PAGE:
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Butterflies are making their way through Nye region

The desert around here has been alive recently with millions of undocumented migrants from Mexico, and no border wall could have stopped them.

Tragically, untold numbers have died, struck by vehicles on our highways. As you may have guessed by now, these migrants are not human and do not need documentation.

They are painted lady butterflies making their way from the deserts of northern Mexico to their upper breeding grounds in the Pacific Northwest.

This year the migration is unusually heavy because of a very wet winter. More water means more vegetation and more food for caterpillars and butterflies. Thistles are the painted lady’s food of choice. In fact, the species name is “vanessa cardui”, which means “butterfly of the thistle.”

The painted lady is sometimes called the “cosmopolitan butterfly,” because it is the most widely distributed butterfly in the world, and can be found on every continent except Antarctica.

They can fly at a top speed of 25-30 miles per hour. Though they normally fly close to the ground, they have been observed at up to 2,200 feet.

Painted ladies have a life span of only two to four weeks, from the time they hatch, and the mature butterflies only live 10 to 14 days, yet they migrate from Mexico to Oregon, and even as far north as Alaska. How they manage that distance is the stuff of science fiction.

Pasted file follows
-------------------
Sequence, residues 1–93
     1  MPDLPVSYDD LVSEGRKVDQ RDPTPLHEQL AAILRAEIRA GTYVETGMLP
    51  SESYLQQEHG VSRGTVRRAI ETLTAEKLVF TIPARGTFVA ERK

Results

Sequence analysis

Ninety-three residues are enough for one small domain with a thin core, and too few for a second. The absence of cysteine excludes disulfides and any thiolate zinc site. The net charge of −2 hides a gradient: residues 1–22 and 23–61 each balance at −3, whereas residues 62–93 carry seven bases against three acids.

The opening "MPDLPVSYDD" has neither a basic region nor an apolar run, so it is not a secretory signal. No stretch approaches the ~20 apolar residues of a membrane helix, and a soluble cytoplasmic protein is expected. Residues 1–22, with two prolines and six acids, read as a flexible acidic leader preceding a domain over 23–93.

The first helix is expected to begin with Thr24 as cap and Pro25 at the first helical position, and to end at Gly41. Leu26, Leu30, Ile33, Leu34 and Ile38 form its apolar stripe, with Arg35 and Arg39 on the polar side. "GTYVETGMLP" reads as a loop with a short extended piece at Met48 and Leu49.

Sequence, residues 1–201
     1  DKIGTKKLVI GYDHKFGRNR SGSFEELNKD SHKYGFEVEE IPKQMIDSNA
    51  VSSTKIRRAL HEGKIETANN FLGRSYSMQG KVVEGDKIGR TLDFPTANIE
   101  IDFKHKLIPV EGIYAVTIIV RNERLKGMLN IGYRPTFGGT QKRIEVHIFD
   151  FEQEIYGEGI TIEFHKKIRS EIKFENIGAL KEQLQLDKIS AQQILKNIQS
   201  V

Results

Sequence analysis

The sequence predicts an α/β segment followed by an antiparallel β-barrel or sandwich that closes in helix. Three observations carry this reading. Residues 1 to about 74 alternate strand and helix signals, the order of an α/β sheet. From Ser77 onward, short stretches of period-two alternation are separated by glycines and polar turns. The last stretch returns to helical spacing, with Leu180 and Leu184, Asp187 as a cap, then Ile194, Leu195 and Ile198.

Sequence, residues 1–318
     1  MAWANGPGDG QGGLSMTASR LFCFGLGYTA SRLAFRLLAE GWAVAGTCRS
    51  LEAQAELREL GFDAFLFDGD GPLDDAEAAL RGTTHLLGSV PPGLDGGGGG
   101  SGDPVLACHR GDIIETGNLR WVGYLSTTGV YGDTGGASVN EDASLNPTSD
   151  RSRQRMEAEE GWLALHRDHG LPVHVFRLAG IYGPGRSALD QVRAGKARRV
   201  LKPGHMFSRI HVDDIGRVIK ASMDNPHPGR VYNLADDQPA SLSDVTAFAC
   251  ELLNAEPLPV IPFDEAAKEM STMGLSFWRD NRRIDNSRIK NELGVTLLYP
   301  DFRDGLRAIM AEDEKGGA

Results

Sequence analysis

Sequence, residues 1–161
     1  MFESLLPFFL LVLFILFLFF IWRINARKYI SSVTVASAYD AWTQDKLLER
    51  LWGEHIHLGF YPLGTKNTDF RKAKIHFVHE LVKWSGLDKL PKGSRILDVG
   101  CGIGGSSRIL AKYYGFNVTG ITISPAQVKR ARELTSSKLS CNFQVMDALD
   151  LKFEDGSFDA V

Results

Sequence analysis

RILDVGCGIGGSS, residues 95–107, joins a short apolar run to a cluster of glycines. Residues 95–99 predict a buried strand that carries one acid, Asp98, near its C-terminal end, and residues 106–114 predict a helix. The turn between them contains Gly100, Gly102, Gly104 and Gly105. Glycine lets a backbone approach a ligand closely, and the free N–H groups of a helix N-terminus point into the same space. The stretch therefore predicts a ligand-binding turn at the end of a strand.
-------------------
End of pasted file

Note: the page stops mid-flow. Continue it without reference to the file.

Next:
In science fiction, travel to distant stars is accomplished in a limited number of ways. Usually, it is by using some sort of faster-than-light travel or by diving through wormholes.

The other method of traveling those interstellar distances is in a “generation ship,” a huge, long-term habitat in which generations live and die in the course of the journey. This is the method employed by the butterflies, but minus the ship.

The butterflies reproduce along the way (a female can lay around 500 eggs), and the ones that arrive at the end of the migration are the descendants of those who began it. People should be seeing their descendants heading back south of the border in the fall.

Richard Stephens is a freelance reporter living in Beatty.

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